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Bioengineered Brain Tissue: A Research Breakthrough



Bioengineers at Tufts University in Boston, Massachusetts have created 3-dimensional (3D), functional brainlike tissue that can be kept alive in a laboratory for more than 2 months. It is a major research achievement that promises to advance research into brain injury and disease.

The tissue was developed at the Tufts Tissue Engineering Resource Center, which is funded by the National Institute of Biomedical Imaging and Bioengineering (NIBIB). The researchers generated the brainlike tissue by creating a novel composite structure of 2 biomaterials: a spongy scaffold of silk protein that neurons can attach to and a softer, collagen-based gel to encourage axon growth.

The 3D aspect of the new tissue represents a step beyond the current research situation, in which scientists grow neurons in petri dishes. Neurons grown that way can’t duplicate the compartmentalization of gray and white matter in the brain, which is critical to research into brain injuries and diseases that affect those areas differently. Moreover, attempts to grow neurons in 3D gel environments have produced tissue models that don’t allow for tissue-level function, according to a NIBIB release. By contrast, neurons in the 3D tissue act more like those seen in a rat brain, with similar electrical activity and responsiveness to stimuli such as neurotoxins. The gel-based neurons begin to deteriorate within 24 hours.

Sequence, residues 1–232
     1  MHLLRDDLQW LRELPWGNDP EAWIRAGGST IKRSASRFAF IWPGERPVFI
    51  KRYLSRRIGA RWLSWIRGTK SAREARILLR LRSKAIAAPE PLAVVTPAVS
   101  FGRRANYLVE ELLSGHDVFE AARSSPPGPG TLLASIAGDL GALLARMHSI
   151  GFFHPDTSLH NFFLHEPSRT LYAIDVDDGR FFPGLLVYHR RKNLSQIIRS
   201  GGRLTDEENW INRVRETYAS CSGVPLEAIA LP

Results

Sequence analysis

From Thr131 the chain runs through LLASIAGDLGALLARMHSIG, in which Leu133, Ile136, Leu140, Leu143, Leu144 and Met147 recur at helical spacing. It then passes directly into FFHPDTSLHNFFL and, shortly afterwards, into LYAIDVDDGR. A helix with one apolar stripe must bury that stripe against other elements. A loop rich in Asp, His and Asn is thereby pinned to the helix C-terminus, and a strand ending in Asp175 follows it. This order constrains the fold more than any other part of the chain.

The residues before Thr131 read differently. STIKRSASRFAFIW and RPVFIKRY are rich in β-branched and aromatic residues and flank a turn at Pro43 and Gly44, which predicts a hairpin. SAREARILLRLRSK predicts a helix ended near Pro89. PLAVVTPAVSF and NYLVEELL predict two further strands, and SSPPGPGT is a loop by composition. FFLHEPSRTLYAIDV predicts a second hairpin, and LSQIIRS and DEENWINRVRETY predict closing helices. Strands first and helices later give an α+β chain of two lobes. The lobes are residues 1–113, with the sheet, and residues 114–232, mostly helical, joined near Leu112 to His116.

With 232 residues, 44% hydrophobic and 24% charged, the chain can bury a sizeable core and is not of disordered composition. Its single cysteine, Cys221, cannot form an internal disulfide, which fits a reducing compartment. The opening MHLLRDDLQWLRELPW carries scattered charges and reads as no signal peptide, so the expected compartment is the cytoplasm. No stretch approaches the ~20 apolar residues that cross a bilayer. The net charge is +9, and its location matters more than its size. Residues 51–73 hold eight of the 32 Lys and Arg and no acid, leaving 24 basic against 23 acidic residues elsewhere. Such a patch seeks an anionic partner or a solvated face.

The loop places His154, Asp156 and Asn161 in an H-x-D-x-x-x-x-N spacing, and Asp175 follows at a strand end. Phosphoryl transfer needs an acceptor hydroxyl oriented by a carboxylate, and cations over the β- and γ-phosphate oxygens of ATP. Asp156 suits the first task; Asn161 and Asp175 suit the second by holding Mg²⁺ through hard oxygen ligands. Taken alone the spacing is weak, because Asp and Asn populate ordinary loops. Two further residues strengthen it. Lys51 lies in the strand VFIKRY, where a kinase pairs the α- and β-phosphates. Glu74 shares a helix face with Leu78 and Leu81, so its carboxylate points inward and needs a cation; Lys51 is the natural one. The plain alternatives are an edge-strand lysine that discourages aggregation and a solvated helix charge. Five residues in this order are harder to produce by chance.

The longevity and functionality of the new tissue allow researchers to track tissue response and repair in real time, over longer periods. David Kaplan, PhD, director of the Tufts Tissue Engineering Resource Center and lead investigator, said, “The fact that we can maintain this tissue for months in the lab means we can start to look at neurological diseases in ways that you can’t otherwise because you need long timeframes to study some of the key brain diseases.”

The discovery could bring new treatments for veterans with brain injuries. In early experiments, the researchers studied chemical and electrical changes that immediately follow traumatic brain injury and changes in the brain as it responds to a drug. Calling the work “an exceptional feat,” Rosemarie Hunziker, PhD, program director of Tissue Engineering at NIBIB, said, “The hope is that use of this model could lead to an acceleration of therapies for brain dysfunction.”

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